Big Day Scout
This article was authored by Dani Colvin,
Coordinator, Partnerships Fundraising and Marketing at the Australian Childhood Foundation.
As a not-for-profit working at the grassroots level to address one of this country’s most pressing social issues, we see great value in helping the community to understand what we’re doing. We know the community has the power to help us make a meaningful difference in the lives of traumatised children. So we want to create opportunities to spread knowledge and ignite people’s passion and desire to be part of this change for children.
This is the premise of the recent television and social media launch of the #NotAnotherChild campaign at the end of 2014. It’s a vehicle to drive a movement to change the way the issue of child abuse is perceived and prioritised on both a community and governmental level in Australia. When we connect, we care, and when we care, we put our hand up and get involved.
Some people have begun to sign on to become campaigners and take the movement concept into their own hands. Others are out in the community fundraising on our behalf through our online fundraising platform. They are joining organised events such as triathlons and marathons, or creating their own events to generate awareness and funding to support our mission.
Recently, we were invited to participate in the Big Day Scout, the largest gathering of Scouts in Victoria in the last 50 years. Held in Federation Square and the Sidney Myer Music Bowl in Melbourne last weekend, the event was a wonderful opportunity for Scouts, their friends and families to gather for all kinds of entertainment and activities, as well as the investiture of the new Victorian Chief Scout.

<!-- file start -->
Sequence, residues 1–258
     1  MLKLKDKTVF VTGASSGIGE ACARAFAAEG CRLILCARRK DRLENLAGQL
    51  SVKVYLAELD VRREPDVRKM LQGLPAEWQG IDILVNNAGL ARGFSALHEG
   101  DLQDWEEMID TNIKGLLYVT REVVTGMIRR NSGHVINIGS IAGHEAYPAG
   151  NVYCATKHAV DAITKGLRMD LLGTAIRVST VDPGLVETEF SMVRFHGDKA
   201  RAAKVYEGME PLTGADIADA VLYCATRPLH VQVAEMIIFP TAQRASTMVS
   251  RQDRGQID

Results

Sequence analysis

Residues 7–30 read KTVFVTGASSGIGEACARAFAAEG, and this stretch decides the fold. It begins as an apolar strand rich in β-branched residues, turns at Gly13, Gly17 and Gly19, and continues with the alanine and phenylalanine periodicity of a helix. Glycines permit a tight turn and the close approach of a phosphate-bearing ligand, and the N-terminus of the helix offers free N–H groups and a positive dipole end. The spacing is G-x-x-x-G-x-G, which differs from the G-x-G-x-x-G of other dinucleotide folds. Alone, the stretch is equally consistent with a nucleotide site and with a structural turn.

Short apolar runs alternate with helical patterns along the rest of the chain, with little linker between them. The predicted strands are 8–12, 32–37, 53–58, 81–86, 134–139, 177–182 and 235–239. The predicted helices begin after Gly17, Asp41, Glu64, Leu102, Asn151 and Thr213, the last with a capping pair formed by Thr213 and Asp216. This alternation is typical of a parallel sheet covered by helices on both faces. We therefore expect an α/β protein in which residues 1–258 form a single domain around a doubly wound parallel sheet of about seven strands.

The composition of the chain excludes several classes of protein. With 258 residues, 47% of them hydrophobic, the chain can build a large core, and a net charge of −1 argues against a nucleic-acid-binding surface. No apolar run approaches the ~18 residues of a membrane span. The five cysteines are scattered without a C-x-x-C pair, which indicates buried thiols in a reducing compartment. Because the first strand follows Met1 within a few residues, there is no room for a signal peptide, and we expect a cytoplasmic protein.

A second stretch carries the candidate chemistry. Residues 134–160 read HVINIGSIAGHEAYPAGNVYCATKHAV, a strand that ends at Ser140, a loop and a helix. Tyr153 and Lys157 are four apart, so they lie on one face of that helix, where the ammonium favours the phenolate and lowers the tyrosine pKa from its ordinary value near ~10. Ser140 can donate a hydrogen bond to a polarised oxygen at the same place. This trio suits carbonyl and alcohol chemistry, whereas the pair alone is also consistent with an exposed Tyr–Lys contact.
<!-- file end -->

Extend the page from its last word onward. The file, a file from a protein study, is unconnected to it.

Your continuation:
As a selected supported charity, we were invited to show our #NotAnotherChild television commercial on the big screen at the Music Bowl to a captive audience of 11,000 people. That’s 11,000 people who may not have engaged in any meaningful sense with the issue of child abuse before Sunday, coming away with an appreciation of the scope of the issue in Australia and how it impacts on children, as well as an understanding that the Australian Childhood Foundation exists to save children from abuse and help their recovery from the trauma of their experiences.
We had staff members on site who spent the entire day connecting with hundreds of individuals: not only sharing our story, but having the great privilege of hearing people who chose to share theirs. They could look each other in the eye, and converse in a way that was direct, personal and meaningful.
“When you can engage with people one-on-one, your organisation and its work can be seen in a whole new light,” said Donor Development and Fundraising Coordinator, Kylie White.
“We were seeing people becoming genuinely moved by the plight of so many children and by the work being done to support them. People were stopping to ask so many questions, pick up information brochures, connect the dots and grow in their understanding and engagement with the issue – because in one way or another, this issue really does touch us all.”
It’s from little things like this that bigger things grow: among the questions, the answers, the thanks and the donations, were offers of volunteering and support with time and helping hands. That’s exactly the kind of connecting we want to see happen through #NotAnotherChild; we want people to see that they can make a difference in the lives of children in their own communities and help us do a better job of making children safe and supporting their recovery.
We send our warmest thanks to Big Day Scout for the opportunity and look forward to our next face-to-face with our community.
If you’re interested in becoming a campaigner or raising the profile of this issue you can go to http://www.childhood.org.au/take-action/raise-awareness. We’d love to have you on board.